didn't gave any errors while building BUT it doesn't work the value of num doesn't change,remaines the same as at the beggining,the compiler just ignores that line:

stringstream(buffer)>>num;

But I developed my own way to convert from string to number(using very simple formula acctualy).


Salem wrote:

Your program was broken at "void main" and the rest is just mere accident as far as I can see.

Always wanted to ask you why it's wrong to write a main function that doesn't return a value(void mainer's are doomed...) ?

And if I make it return a value,where does that value arrive?

I've no idea what your code looks like now then. Describing your edits doesn't work for me.

Post your latest code and latest observations.

vijayan121 thank you for the links.
Salem,my program looked like this after the edits:

#include<stdio.h>
#include<conio.h>
#include<stdlib.h>
#include<sstream>
#include<iostream>


using namespace std;

void main ()
{
    double num;
	
	num=310.589;
    char buffer [15]; 
	
	sprintf(buffer,"%f",num);
	
	printf("\nbuffer=\n");
	printf(buffer);
	printf("\npartial buffer=\n");
	printf((char *)&buffer[3]);
	printf("\nEnter a number:\n");
	//cin>>buffer;
	scanf("%s",buffer);
    //num=atof(buffer);  
	stringstream(buffer)>>num;
	
	printf("\n%f",num);

	_getch();



}

it compiled end builded with no problems,but when executing the program ignores the line:

stringstream(buffer)>>num;

and the initial value of num doesn't change(remains 310.589).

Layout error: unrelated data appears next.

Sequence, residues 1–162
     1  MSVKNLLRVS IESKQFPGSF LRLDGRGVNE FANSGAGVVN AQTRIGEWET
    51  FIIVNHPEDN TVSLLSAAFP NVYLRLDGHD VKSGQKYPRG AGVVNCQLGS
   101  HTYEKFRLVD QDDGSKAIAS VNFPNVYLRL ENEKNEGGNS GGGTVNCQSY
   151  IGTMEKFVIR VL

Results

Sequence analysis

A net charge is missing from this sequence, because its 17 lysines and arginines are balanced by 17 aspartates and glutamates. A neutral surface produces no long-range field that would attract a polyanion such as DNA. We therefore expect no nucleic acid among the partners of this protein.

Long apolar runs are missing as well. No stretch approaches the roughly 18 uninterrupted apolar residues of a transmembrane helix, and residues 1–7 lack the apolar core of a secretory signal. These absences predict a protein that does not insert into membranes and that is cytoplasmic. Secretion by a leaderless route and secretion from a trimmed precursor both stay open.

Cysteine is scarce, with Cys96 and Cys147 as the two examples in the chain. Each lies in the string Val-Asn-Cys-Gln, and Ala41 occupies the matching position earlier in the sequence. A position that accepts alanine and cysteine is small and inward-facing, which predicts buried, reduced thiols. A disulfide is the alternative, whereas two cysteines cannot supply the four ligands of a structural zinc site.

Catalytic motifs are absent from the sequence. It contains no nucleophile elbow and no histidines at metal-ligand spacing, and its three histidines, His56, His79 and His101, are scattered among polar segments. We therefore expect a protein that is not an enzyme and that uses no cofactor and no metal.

works fine on my machine; after kicking out <conio.h> and changing void main() to int main().
which compiler are you using? try stringstream stm(buffer) ; stm >> num;

Salem,thank you for the link,I will take this information in mind from now on.

vijayan121, I use VC++ 6.0,
I tried the edits you suggested,it started to give the error message again(actualy even when I removed only the:

_getch()

,the compiler gave an error message,weird isn't it).

Another case of people reading advice but not really acting on it.

The very first thing you need to do is get rid of vc++ 6.0 and either get VC 2005 express or something like dev-cpp.

And then you can ignore all these little conclusions you are drawing, which quite frankly is going to be nonsense because of the tool you're using.

I thought maybe it will help if I quote the entire error message:

LINK : error : Internal error during ReadSymbolTable
ExceptionCode = C0000005